10-year U.S. Treasury bonds yield plummets to record low
Negative-yielding sovereign bonds around the world now totalat least $11.7 trillion. Switzerlands 50-year bondhas fallen into negative territoryfor the first time in history. And now the yield on the benchmark 10-year U.S. Treasury bondhit a record lowon Tuesday.
Its the only way to find income, Allianz Global Investors bond expert Franck Dixmierlamented. And Morgan StanleyInvestment Management fund manager Jim Caronasked, When you look at pension liabilities, insurance, where are you going to get a positive yield? At this point, its the best the market can do.
So, a roughly 1.3% return over 10 years (not even accounting for inflation) is the best the market can do? You dont have to look far for alternatives. Just look at two of the top-performing assets of 2016: gold and silver. Gold has gained as much as 27%, while silver has returned an astounding 44% at its zenith.
The pension funds and insurance companies Caron cites are woefully underinvested in the precious-metals sphere. Moreover, many are facing huge unfunded liabilities. A Citigroup study published this year found that20 countries that belong to the Organization for Economic Cooperation and Developmentare facing liabilities totaling $78 trillion!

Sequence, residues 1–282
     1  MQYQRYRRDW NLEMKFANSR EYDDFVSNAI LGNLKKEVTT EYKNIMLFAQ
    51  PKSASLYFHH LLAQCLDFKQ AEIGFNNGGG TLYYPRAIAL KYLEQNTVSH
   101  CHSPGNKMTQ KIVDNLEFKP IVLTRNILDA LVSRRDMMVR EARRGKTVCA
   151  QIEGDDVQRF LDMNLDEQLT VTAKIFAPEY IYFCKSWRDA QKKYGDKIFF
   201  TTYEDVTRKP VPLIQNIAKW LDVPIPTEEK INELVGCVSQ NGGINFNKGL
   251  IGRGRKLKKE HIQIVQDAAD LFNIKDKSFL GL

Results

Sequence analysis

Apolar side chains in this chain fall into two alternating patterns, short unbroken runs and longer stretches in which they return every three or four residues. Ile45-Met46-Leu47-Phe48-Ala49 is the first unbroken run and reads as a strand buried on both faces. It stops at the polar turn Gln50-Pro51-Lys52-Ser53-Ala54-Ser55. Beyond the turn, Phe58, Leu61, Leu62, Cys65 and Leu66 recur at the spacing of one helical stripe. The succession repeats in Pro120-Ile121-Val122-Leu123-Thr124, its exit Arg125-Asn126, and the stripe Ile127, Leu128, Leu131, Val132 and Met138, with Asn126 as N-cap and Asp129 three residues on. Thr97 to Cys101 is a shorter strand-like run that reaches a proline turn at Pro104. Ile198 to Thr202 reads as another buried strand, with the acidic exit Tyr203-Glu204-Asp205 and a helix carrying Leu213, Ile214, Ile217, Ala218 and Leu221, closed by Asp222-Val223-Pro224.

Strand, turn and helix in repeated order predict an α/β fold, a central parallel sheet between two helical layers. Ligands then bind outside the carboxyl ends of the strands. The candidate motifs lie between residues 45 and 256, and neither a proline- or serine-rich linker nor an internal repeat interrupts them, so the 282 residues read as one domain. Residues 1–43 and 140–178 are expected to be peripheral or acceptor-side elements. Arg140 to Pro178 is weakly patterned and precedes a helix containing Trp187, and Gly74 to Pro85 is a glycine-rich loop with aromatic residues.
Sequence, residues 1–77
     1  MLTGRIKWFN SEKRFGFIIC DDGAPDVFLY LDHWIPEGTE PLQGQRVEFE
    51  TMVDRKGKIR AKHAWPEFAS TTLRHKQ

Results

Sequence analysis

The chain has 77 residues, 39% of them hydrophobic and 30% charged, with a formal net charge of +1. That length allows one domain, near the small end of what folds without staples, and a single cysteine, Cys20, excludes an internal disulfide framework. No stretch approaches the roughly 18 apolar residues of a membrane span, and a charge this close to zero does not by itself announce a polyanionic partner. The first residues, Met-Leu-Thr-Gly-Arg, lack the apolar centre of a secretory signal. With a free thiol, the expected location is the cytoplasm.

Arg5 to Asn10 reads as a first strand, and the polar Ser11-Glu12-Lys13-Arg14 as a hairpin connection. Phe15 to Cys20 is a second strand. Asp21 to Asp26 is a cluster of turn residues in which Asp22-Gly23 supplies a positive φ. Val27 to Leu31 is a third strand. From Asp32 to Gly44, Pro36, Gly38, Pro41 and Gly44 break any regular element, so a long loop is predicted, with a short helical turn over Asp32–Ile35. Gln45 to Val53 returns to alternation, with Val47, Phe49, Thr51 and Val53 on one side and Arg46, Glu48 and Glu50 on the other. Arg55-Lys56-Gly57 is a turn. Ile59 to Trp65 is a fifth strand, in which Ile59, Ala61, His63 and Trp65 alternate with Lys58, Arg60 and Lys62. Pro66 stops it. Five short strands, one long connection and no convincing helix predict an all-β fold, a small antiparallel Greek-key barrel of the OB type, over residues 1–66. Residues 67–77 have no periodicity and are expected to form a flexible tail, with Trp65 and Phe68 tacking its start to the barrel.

Negative yieldswill have a massive and negative effect on most pension schemes funding plans,predictedWarren Firth, actuarial director at Broadstone in the United Kingdom.
If yields continue to fallworldwide, many of these funds will plunge further into a sea of red ink. And if the U.S. economy takes a turn for the worse, or contagion from the Brexit situation spills over beyond Europe, then the Federal Reserve could well beforced to consider negative interest rates.
Yields in even Treasury bonds are so low that we already are seeing negative real interest rates in the U.S. Negative rates are rocket fuel for gold prices, as the World Gold Councilhas demonstrated, while they make business more difficult in many ways for banks as well as pension funds.
A move by the Fed into negative rates could take even more shine off already-anemic Treasury yields. At that point, golds attractiveness as a viable alternative to dismal yields could gain even further ground.
Institutional gold buying by central banks has been a key pillar of support for gold over the past few years. Increasing engagement from pension funds desperately searching for yield could mark the next leg up for a renewed bull market in gold.
Weve already seen high-profile moves into physical gold in recent years from Texasteacher-retirementanduniversity- endowmentsystems, whileJapanese pension fundshave increasingly sought safety in bullion.
Look for interest in gold to grow as investors balk at paying fees to hold government bonds or to keep their money in negative-yielding bank accounts. And should another debt-ceiling debacle dent the faith of global investors in U.S. Treasuries, look for that growing interest in gold to become, potentially, a stampede.